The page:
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Binag clarifies cops’ use of ‘yantok’ stick

POLICE social distancing patrols fielded this Yuletide in Metro Manila and other parts of the country have been armed with meter-long rattan sticks or ‘yantok’ which they can only use when hardheaded quarantine protocol violators show aggression when accosted, Joint Task Force COVID Shield commander Lieutenant General Cesar Hawthorne R. Binag clarified yesterday.

The official said Filipinos fully observing minimum quarantine protocols like wearing of face masks and face shields and social distancing have nothing to worry about the order from PNP chief General Debold M. Sinas to arm their social distancing patrollers with ‘yantok,’ probatons or nightsticks since they are part of police equipment.

Lt. Gen. Binag said the ‘yantok’ will make hardheaded individuals think twice before defying social distancing patrols. In many cases, unruly and drunken persons are known for questioning the social distancing measure to prevent the spread of COVID-19 virus.

“They will have a rattan stick – one meter length. It’s for stopping (violators) and as a measuring device, and would be used to hit hardheaded individuals,” the official earlier said at a Laging Handa press briefing.

Gen. Sinas ordered the fielding of more social distancing patrols with rattan sticks noting that more people have gone out of their homes to visit crowded markets, ‘tiyangges’ and malls despite the pandemic.

Binag said that they have deployed nearly 100,000 policemen to help enforce the law and quarantine protocols at the same time under the new normal.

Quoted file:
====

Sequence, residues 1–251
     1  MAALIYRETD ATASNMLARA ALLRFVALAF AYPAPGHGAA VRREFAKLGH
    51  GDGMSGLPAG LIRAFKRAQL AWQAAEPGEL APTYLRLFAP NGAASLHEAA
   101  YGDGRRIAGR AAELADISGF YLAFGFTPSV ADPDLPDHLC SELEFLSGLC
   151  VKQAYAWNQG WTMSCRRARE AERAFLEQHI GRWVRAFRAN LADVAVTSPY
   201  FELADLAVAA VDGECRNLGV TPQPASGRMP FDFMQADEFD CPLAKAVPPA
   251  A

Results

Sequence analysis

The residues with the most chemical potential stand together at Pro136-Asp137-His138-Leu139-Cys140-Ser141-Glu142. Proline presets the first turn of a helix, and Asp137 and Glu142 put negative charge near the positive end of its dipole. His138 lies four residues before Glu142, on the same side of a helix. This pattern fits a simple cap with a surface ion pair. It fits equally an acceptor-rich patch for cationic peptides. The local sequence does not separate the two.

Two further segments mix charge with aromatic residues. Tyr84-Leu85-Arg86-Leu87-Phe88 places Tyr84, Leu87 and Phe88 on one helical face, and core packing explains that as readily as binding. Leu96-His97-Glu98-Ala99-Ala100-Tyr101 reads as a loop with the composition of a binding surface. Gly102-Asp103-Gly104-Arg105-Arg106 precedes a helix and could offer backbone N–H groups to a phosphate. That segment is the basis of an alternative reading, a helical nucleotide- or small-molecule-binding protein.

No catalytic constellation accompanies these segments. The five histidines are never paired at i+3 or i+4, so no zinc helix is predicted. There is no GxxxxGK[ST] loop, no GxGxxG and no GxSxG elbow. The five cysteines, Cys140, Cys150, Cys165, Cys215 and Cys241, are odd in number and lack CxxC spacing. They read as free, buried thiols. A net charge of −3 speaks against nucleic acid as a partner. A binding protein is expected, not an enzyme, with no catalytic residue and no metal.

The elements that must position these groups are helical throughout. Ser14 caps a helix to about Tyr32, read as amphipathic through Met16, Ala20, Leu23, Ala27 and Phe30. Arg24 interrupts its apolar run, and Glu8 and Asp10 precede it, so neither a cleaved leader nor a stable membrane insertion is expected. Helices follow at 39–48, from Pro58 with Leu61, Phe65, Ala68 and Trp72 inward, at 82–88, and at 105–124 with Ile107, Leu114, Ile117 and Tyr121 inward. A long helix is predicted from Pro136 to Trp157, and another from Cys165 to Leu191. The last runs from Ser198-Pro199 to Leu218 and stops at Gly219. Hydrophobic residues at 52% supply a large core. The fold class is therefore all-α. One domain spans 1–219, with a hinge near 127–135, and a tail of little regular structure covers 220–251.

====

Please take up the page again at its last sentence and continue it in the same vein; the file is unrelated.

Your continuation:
The official said that since last March 16, nearly 600,000 community quarantine violators have been apprehended by the police, 102,440 of them released and facing cases and 42,587 detained and inquested for disobedience to lawful orders from authorities and defying curfew hours.

Another 200,423 were given warnings while 253,248 were ordered to pay fines imposed by cities and municipalities for ordinance violators.

Binag said the public should understand that 34 percent of the violators were given warnings on first offense. Second offenders were asked to perform community service after being warned that they will be facing criminal offenses once caught again.

The 29 percent are repeat offenders who were caught violating quarantine protocols, curfew hours or drinking in public.

Lt. Gen. Binag said that they have instructed all police commanders in Metro Manila and the rest of the country to coordinate with mall managers and church representatives in ensuring tthat the 30 percent capacity limit in their establishments is met.

He likewise appealed to the public to adhere to quarantine guidelines as everyone should cooperate to keep COVID-19 from infecting more people.

“If we don’t help each other, it will be harder for us to win in the fight against COVID,” he said.

Publication Source :    People's Journal
Alfred P. Dalizon
Author of the ‘Mamang Pulis’ series and Crame Files | A Journal Group reporter since 1988 and recipient of dozens of national awards from the PNP/DILG/PDEA/DDB/NAPOLCOM and the private sector | Winner of two (2) prestigious Catholic Mass Media Awards (CMMA) for Best Investigative Report | A Finalist for another CMMA Best Investigative Report | A 3-time Journal Group Employee and Top Reporter of the Year